BATCHELDERS GRANT — The heat index soared into the 90s, making for a perfect day for a hike and swim outing for the Denmark Mountain Hikers.

The objective was to climb 2,850-foot Caribou Mountain in the White Mountain National Forest in Oxford County and after, to cool off in the Wild River. But the outing, like others the Denmark Hikers do each Friday, also allowed members to make a spiritual connection in their collective love of nature.

The group was started in 2010 by Denmark Congregational Church Rev. John Patrick and the church’s clerk, Allen Crabtree, as a way to inspire the members of their congregation to achieve better health. They even made up a club patch that states, “Ascendo Ergo Sum,” Latin for: “I climb, therefore I am.”

But almost immediately the Denmark Hikers expanded beyond the small rural church.

Today the group is made up of mostly retirees who live at the foothills of Maine’s western mountains. An average of a dozen hikers take part in the weekly hikes, and often there are more than 20.

At least two members are atheists. Another is a Buddhist. Most do not attend a church of any kind. Patrick welcomes them all.

“So many things in the modern world pull us apart,” Patrick said. “Nature is a great unifier.”

As the group has grown (Crabtree maintains an email list of 300), so has the club’s offerings. The adventures by the Denmark Hikers now include overnight camping trips, backpack expeditions, an annual award ceremony celebrating each hiker’s total miles, and the popular hike-swim outings.

Six hike-swim expeditions are being offered this summer, with the next one taking place Friday at Low’s Bald Spot and the Emerald Pool in Pinkham Notch, New Hampshire.

Some hike-swim outings involve difficult climbs. Others are across historic grounds, such as the Emerald Pool, which was the subject of the famous painting by Albert Bierstadt.

“The Emerald Pool is well known to locals as a wonderful spot to swim on the Peabody River, but it is not listed in guidebooks or most maps. It looks today very much as it is did in 1870 when Bierstadt painted it – so beautiful that it takes your breath away the first time you discover it,” Crabtree said.

The opportunity to soak in warm summer river water or wade in is the reward after a difficult climb.

“I’m the lifeguard,” said Jeff Sturgis, 69, of Minot, a heart-attack survivor who joined the group three years ago.

The hikers carpooled from the Denmark church, the weekly meeting spot, to Caribou Mountain. They fanned out in two groups of seven to climb the Mud Brook Trail, which is steep in places. They hiked more than six miles, waiting for the slower hikers as they went, moving up and over the mountain in six hours.

The mountain’s panoramic views of the Presidential and Mahoosuc ranges reminded Trudy Dunn of Ossipee, New Hampshire, how she met the group five years ago.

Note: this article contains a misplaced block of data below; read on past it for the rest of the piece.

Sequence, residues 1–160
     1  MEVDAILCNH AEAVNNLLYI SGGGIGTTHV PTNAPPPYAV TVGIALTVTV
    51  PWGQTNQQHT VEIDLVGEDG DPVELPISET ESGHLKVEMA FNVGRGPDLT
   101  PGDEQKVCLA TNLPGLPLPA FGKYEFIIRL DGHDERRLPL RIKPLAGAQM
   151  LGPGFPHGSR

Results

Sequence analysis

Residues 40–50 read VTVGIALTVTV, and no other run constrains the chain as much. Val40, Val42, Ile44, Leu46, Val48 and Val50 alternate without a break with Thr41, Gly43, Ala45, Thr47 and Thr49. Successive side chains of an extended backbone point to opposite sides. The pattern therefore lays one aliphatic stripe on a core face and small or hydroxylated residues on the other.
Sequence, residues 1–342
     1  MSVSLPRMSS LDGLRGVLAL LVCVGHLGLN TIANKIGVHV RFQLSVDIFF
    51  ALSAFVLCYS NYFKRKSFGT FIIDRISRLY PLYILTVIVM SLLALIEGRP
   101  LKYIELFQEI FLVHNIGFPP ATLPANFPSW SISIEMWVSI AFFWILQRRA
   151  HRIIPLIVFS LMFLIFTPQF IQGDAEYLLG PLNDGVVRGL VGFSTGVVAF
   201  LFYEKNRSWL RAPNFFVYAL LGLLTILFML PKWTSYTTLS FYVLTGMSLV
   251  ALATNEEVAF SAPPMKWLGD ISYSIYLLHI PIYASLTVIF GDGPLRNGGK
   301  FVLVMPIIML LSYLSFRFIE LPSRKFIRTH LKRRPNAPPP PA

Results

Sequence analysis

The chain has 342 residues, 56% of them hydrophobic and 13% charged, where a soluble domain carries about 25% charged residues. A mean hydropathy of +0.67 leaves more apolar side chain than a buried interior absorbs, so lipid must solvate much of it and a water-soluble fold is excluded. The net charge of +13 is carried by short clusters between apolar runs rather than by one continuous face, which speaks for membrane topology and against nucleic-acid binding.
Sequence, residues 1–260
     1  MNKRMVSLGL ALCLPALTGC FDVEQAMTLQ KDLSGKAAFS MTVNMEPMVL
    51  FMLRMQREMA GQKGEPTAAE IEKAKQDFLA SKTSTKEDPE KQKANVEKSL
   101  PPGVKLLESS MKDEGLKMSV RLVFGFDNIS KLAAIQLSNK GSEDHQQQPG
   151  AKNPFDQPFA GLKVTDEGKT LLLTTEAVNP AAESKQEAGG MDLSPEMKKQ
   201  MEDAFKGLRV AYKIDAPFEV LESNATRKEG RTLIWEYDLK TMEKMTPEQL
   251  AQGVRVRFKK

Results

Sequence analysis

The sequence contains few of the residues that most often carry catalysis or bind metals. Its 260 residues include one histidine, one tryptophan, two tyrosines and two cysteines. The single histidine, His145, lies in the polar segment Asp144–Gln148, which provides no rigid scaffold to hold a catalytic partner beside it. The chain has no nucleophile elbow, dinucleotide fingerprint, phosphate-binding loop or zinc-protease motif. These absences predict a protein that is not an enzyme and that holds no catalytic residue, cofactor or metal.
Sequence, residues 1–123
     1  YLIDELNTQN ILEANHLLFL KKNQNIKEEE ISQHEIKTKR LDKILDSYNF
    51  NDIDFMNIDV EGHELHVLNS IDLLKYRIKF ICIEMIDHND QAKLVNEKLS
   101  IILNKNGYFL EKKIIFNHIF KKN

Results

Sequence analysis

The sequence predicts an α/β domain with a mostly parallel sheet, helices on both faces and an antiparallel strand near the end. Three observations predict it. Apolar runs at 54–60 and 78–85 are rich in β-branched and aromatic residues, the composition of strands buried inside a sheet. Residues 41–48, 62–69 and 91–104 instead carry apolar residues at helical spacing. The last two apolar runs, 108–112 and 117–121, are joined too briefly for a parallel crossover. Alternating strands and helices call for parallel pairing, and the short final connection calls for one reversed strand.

“I was on a grubby little mountain in New Hampshire when Allen walked up to me. He had 15 to 20 people with him. This huge amount of people. They all were so happy,” said Dunn, 65. “They stopped, and Allen, as you’ll see him do all the time, takes out this little piece of paper and asks (for) my email (address). And the next thing you know I’m getting these invitations. It was instant, less than a week. And they’ve taken me all around Maine ever since.”

Sturgis is grateful for the Denmark Hikers’ all-welcoming philosophy.

“Religion has nothing to do with it, other than the religion of the outdoors,” Sturgis said. “In my mind, nature is the thing that is all-powerful and inspirational.”

In three weeks he’ll welcome the Denmark Hikers to his camp on Flagstaff Lake, and there they’ll enjoy a few days of hike-swims. And Sturgis will delight in making that possible.

“My wife was not too happy I was hiking alone. This group gives her peace of mind. I’ve been in the best shape I’ve been in for a while,” he said.

After the hike, Mary Glatz, 70, sat in a rushing section of the Wild River, reflecting on how the group has expanded her world. When she first learned of the group in 2015, she thought having to meet at the church, an hour from her Scarborough home, was too far to drive.

But now she gets up at 5 a.m. most Fridays to meet with the Denmark Hikers. And she would have made more than 25 hikes the past year if a shoulder injury had not sidelined her.

“The most difficult hike I did with them was up and over Mount Eisenhower,” Glatz said of the 4,760-foot climb.

“It was frightening. We got up there and the wind was blowing 60 mph. I’ve never been somewhere I couldn’t stand up. People die on mountains like that. It was frightening at the summit. But at the same time it was breathtakingly beautiful. The snow had dusted the trees like powdered sugar. And I thought, ‘If I could do that, I could do anything.’ ”